Thursday, July 15, 2010

On orphic gaze, avifauna and long-takes

click for video : Quicktime / .m4v for iphone/ipad / direct streaming for PC

" The aesthetic world of the voodler is of a different kind from that of the world about him. Its boundaries enclose a substantially and essentially different microcosm. The voodle as such and the object in itself share a common being, after the fashion of a fingerprint. Wherefore, voodling actually contributes something to the order of natural creation instead of providing a substitute for it. [...] The voodler does not consider his aesthetic purpose and the mechanical effect of the image flow on our imaginations as things apart. For him/her, the logical distinction between what is imaginary and what is real tends to disappear. Every image is to be seen as an object and every object as an image. Hence voodling ranks high in the order of creativity because it produces an image that is a reality of nature, namely, an hallucination that is also a fact. The fact that voodling combines tricks of visual deception with meticulous attention to detail substantiates this."

After a longer period of idleness, Sam Renseiw, having accumulated novel footage, concocts new voodles for critical review. Today's post combines two somehow opposite stances: a longer avifauna combo-flow of panoramic long-takes juxtaposed with the addition of a cut-upped Frisbee session; View the long take by clicking here or on the links above, while the nightly Frisbee throwing compilation is only accessible by clicking here; (patafilm # 778,04'21'', 48MB, Quicktime/mov - other versions at Bliptv)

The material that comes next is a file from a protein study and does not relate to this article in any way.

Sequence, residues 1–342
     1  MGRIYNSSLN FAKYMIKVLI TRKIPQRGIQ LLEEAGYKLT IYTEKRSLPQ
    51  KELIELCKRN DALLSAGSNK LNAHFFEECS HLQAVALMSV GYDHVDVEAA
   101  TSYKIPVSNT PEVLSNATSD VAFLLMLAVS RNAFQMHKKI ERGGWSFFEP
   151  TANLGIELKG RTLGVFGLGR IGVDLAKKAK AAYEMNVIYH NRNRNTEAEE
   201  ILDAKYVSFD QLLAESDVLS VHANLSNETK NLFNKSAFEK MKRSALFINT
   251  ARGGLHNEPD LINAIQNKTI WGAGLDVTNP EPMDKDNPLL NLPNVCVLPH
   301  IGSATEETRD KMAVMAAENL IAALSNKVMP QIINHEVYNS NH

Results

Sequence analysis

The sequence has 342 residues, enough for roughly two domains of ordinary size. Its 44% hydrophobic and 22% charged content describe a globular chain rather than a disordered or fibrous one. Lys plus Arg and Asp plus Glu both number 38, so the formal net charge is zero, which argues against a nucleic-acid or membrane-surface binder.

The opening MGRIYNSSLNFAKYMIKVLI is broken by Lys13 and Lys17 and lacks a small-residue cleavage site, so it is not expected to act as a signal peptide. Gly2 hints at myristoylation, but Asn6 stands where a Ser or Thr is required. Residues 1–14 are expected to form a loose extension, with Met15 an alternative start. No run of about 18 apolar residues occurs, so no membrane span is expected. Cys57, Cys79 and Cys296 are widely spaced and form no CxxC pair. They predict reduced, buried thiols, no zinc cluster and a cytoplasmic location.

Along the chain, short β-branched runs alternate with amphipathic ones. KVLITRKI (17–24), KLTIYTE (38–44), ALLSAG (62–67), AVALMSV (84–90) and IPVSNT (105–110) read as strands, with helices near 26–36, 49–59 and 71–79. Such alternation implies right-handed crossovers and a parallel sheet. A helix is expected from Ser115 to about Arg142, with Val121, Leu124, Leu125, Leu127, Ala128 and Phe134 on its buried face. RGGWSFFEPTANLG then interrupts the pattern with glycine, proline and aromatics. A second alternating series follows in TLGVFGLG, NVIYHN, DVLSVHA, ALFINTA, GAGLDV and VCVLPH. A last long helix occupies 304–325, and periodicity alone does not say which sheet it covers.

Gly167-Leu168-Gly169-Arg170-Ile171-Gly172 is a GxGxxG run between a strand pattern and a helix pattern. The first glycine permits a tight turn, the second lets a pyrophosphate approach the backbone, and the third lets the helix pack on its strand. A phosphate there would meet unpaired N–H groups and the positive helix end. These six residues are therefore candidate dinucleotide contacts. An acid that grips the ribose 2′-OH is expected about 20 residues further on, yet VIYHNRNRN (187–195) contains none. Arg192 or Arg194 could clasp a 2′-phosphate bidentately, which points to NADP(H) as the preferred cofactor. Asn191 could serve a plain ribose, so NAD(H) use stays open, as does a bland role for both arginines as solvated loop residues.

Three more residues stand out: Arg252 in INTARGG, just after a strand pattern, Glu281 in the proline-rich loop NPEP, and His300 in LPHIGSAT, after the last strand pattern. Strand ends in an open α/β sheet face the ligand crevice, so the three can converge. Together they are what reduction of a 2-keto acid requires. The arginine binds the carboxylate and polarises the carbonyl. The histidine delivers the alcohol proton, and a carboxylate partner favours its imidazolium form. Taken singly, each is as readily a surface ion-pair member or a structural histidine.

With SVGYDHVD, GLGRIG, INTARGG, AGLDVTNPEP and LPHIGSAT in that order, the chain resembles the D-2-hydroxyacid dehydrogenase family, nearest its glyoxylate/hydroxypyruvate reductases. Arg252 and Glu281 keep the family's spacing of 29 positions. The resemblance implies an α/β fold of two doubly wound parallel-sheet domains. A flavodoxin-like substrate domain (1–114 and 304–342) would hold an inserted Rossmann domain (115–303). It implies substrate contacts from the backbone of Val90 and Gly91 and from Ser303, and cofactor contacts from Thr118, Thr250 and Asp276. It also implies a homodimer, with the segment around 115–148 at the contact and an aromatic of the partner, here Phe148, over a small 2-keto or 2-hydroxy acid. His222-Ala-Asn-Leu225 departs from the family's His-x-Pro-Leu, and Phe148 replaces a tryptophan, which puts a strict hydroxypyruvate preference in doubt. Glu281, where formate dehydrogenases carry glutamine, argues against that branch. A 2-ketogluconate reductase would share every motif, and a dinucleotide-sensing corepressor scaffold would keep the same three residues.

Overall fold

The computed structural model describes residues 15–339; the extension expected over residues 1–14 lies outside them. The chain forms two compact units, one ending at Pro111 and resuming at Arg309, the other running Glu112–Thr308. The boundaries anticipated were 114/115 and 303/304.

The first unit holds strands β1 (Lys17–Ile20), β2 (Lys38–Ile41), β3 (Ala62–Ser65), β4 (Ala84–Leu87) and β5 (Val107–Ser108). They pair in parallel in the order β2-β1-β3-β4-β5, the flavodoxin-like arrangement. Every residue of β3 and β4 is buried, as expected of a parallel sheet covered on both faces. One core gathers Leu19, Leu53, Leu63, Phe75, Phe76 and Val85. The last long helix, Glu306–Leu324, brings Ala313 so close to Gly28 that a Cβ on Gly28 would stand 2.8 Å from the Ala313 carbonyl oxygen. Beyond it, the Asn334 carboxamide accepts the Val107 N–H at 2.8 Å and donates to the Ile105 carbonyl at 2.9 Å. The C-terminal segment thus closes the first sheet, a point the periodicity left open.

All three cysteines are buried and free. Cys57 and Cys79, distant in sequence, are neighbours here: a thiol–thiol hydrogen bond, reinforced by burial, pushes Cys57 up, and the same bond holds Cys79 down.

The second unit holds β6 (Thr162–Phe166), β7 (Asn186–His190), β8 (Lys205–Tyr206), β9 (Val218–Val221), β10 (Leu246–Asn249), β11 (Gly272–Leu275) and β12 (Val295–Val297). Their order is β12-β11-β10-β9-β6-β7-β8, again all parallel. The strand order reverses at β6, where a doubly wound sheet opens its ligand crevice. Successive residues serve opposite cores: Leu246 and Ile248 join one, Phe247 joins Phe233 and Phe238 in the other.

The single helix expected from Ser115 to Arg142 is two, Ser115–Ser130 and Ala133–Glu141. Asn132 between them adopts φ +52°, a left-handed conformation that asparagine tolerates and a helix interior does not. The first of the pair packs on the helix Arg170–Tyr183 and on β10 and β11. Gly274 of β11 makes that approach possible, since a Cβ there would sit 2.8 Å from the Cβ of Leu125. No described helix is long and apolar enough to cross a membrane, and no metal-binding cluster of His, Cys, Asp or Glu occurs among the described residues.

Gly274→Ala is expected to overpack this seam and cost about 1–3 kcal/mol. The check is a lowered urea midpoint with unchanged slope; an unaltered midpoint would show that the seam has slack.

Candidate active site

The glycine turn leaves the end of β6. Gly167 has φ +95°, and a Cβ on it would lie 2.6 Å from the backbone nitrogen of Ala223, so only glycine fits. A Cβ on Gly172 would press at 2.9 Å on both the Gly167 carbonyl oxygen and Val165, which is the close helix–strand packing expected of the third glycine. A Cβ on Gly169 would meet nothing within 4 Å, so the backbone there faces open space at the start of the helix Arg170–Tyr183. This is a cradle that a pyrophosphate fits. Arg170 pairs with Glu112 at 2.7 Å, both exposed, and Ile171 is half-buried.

Today's Bonus Lumiere Video features a moving contenplation of wild things (Lum # 277, "wild things", 01'00'', 14 MB, Quicktime/mov)

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Blogger Gurdonark said...

In a moment of juxtaposition, I mention that this week on another weblog, I saw images of a group of young chess genius players playing frisbee during a break from a Summer chess school.

I find frisbee so invigorating and
alive, and yet almost never throw one anymore. This video makes me wish to throw once again. I also follow some chess championships
in the US right now (the women's and the junior), so I am alive to the spinning of pawns and strategems. In chess, everything is art, and yet nothing is there but the moves.

I like avifauna, and in the idea of an Avian Way memorialized by a bird on a blue stone is delightful. I agree that a voodle is more a photograph than a painting. The old windmill catches my eye--a windmill here is so much more like Kansas and less like Europe.

Verian Thomas also made a video featuring his tune "forgotten":

I, in turn, made a cover of his song, which I called "forgotten fields". I like marveling at how each is distinct from the others, but they all fit together into one.

Friday, July 16, 2010 4:28:00 am  

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